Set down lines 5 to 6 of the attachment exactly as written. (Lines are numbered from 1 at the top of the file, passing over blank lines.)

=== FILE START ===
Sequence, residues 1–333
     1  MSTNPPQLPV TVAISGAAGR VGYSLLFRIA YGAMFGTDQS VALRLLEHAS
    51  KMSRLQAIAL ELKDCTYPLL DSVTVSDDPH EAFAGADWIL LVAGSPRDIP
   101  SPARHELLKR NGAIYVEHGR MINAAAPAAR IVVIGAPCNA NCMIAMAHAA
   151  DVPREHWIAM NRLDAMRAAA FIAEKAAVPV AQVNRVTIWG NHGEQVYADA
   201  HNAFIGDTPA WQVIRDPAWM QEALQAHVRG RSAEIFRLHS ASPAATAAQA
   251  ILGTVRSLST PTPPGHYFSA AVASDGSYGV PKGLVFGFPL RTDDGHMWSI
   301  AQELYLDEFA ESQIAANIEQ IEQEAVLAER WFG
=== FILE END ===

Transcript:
   151  DVPREHWIAM NRLDAMRAAA FIAEKAAVPV AQVNRVTIWG NHGEQVYADA
   201  HNAFIGDTPA WQVIRDPAWM QEALQAHVRG RSAEIFRLHS ASPAATAAQA